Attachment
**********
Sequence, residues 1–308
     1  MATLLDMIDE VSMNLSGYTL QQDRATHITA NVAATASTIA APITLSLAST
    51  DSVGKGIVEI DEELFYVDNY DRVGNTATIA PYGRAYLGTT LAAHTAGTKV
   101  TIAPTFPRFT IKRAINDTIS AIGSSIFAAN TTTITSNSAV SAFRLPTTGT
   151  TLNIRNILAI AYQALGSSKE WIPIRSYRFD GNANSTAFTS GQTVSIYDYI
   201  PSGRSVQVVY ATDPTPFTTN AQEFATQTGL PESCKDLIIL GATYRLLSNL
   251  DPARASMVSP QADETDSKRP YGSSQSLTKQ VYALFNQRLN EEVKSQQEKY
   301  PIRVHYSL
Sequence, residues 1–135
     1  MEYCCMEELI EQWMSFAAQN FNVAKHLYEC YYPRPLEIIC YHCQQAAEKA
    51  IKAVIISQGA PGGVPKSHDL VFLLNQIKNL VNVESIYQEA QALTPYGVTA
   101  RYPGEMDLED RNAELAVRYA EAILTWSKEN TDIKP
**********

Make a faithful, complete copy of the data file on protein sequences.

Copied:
Sequence, residues 1–308
     1  MATLLDMIDE VSMNLSGYTL QQDRATHITA NVAATASTIA APITLSLAST
    51  DSVGKGIVEI DEELFYVDNY DRVGNTATIA PYGRAYLGTT LAAHTAGTKV
   101  TIAPTFPRFT IKRAINDTIS AIGSSIFAAN TTTITSNSAV SAFRLPTTGT
   151  TLNIRNILAI AYQALGSSKE WIPIRSYRFD GNANSTAFTS GQTVSIYDYI
   201  PSGRSVQVVY ATDPTPFTTN AQEFATQTGL PESCKDLIIL GATYRLLSNL
   251  DPARASMVSP QADETDSKRP YGSSQSLTKQ VYALFNQRLN EEVKSQQEKY
   301  PIRVHYSL
Sequence, residues 1–135
     1  MEYCCMEELI EQWMSFAAQN FNVAKHLYEC YYPRPLEIIC YHCQQAAEKA
    51  IKAVIISQGA PGGVPKSHDL VFLLNQIKNL VNVESIYQEA QALTPYGVTA
   101  RYPGEMDLED RNAELAVRYA EAILTWSKEN TDIKP